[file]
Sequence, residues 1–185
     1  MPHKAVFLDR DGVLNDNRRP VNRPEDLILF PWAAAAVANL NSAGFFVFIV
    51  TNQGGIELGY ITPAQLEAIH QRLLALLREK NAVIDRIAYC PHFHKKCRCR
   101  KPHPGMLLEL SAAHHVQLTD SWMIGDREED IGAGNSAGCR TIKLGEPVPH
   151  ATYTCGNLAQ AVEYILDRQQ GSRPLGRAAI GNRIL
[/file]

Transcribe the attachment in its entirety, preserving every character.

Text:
Sequence, residues 1–185
     1  MPHKAVFLDR DGVLNDNRRP VNRPEDLILF PWAAAAVANL NSAGFFVFIV
    51  TNQGGIELGY ITPAQLEAIH QRLLALLREK NAVIDRIAYC PHFHKKCRCR
   101  KPHPGMLLEL SAAHHVQLTD SWMIGDREED IGAGNSAGCR TIKLGEPVPH
   151  ATYTCGNLAQ AVEYILDRQQ GSRPLGRAAI GNRIL